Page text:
Guest Post by Tom Kuplic
Two years ago, my wife and I were caught in one of those house buying/selling situations that are pretty common in today’s market. We had a house to sell, but couldn’t find one we wanted to buy. We were expecting our first child, and knew we wanted/needed an extra bedroom, and we had narrowed our focus to the near east side of Madison.
When the first attempt to sell our home ran into a snag within the chain of buyers/sellers down the line, we thought we had more time to keep looking. But before another weekend went by, our house had another offer on it. We had to make a decision about whether it was better to sell now and keep looking or wait until we found the perfect home. Mark, our realtor at Forward Realty Group, reminded us that the time between contract and closing could be pushed out a little, and he assured us that we would just need to keep looking and clarifying what we liked and wanted in our next home. In other words, trust the process.
Exploring all our options
We tried to believe that mantra, but in dealing with the impending birth of our first child, adding any element of uncertainty seemed silly. Nevertheless, we kept at it and looked at houses and even a few apartments in case we needed to sign a lease. After about five weeks of looking at homes and dropping in on open houses, we still hadn’t found a home we liked, but we lucked into a great apartment opportunity near the Capitol and Lake Mendota. It was a chance at lake living on a budget, and it seemed like a great place to live until we found the right house.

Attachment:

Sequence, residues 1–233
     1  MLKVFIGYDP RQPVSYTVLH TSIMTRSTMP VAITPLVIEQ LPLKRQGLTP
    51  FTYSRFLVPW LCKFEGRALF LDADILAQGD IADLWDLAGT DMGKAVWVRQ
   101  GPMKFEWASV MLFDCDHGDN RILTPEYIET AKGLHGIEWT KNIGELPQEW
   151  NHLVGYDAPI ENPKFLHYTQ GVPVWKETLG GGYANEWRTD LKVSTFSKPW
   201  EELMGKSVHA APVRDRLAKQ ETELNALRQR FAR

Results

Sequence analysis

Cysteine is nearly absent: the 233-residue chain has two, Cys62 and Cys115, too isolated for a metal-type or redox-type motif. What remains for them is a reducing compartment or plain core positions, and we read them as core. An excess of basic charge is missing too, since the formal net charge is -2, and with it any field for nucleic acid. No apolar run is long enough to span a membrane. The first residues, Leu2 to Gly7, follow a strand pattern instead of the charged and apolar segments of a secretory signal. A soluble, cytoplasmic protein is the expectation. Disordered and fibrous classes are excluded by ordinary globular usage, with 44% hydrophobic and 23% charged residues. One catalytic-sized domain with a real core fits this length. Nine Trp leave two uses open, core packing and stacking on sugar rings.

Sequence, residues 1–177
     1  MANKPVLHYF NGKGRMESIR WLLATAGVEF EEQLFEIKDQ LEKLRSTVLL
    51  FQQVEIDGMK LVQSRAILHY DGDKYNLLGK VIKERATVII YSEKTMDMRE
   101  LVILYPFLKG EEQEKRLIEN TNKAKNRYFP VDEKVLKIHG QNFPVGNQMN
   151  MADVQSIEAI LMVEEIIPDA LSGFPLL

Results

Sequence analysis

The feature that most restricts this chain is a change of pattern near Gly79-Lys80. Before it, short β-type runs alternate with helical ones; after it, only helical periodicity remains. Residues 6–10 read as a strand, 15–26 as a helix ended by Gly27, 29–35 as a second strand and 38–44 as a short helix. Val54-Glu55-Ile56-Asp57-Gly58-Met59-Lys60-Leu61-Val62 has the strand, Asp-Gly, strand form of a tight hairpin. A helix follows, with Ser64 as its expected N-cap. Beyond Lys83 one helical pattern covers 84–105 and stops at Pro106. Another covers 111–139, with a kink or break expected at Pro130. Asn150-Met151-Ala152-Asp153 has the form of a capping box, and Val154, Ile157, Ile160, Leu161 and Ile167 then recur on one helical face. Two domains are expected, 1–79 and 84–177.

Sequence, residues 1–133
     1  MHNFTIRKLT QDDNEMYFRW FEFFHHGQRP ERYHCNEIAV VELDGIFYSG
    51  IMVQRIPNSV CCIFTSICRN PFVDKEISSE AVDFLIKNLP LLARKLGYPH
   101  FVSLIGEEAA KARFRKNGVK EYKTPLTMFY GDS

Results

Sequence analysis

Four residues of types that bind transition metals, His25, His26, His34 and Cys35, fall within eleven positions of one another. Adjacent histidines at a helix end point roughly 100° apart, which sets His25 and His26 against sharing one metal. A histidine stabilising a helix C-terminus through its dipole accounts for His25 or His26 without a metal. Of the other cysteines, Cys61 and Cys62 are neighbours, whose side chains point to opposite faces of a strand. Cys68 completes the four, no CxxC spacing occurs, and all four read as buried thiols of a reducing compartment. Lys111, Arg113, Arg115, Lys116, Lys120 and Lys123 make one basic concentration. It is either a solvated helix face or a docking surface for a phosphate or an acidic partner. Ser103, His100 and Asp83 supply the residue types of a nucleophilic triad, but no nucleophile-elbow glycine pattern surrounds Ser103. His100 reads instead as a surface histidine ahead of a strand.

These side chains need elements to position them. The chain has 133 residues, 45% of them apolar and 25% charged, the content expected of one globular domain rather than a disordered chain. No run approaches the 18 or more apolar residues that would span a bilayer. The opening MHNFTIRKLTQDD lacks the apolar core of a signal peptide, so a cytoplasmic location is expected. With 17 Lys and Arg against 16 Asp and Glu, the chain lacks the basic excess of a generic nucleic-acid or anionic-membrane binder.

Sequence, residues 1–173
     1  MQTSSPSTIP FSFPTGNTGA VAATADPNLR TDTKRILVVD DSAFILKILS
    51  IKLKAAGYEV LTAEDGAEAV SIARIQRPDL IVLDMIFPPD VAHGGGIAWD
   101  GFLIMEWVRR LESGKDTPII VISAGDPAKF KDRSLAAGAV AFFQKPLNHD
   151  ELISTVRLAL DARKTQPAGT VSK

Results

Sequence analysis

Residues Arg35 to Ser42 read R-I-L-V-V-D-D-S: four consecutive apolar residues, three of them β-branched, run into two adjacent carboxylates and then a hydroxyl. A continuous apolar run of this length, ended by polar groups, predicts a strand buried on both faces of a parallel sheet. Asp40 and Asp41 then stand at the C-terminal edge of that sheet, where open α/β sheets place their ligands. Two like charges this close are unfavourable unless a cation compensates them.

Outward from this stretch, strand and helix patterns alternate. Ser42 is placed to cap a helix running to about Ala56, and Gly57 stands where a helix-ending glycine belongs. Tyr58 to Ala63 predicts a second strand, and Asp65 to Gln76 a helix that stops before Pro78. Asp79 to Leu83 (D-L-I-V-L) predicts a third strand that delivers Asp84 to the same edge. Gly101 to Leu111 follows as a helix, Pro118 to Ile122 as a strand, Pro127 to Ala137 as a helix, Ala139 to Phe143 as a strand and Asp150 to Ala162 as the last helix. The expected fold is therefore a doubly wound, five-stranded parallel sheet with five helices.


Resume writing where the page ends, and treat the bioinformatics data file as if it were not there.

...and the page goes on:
We told Mark about the apartment and he asked us to hold off on signing the lease until he showed us one last home that had just been listed. It was a few blocks out from where we were looking, but he had a good feeling about it. We went to the home with Mark both out of curiosity and, frankly, to humor him. In fact we had a security deposit check for what we thought would be our apartment in our car when we met him at the house.
When everything changed
All plans changed after two minutes into the walk through. My wife and I were looking at each other the same way we did when we made the decision to buy our first home ten years earlier. Apparently, we have the worst poker faces in the world, because it was immediately apparent to everyone that we were buying this house. In the next hour we tore up our security deposit check and made an offer. A day later we learned that we were going to be proud homeowners again and that our soon-to-be son would be an Madison eastsider by birth. The leap of faith we took in selling our house without having one to buy turned out better than we could have imagined. And while it took some convincing, in the end, we did learn to trust the process.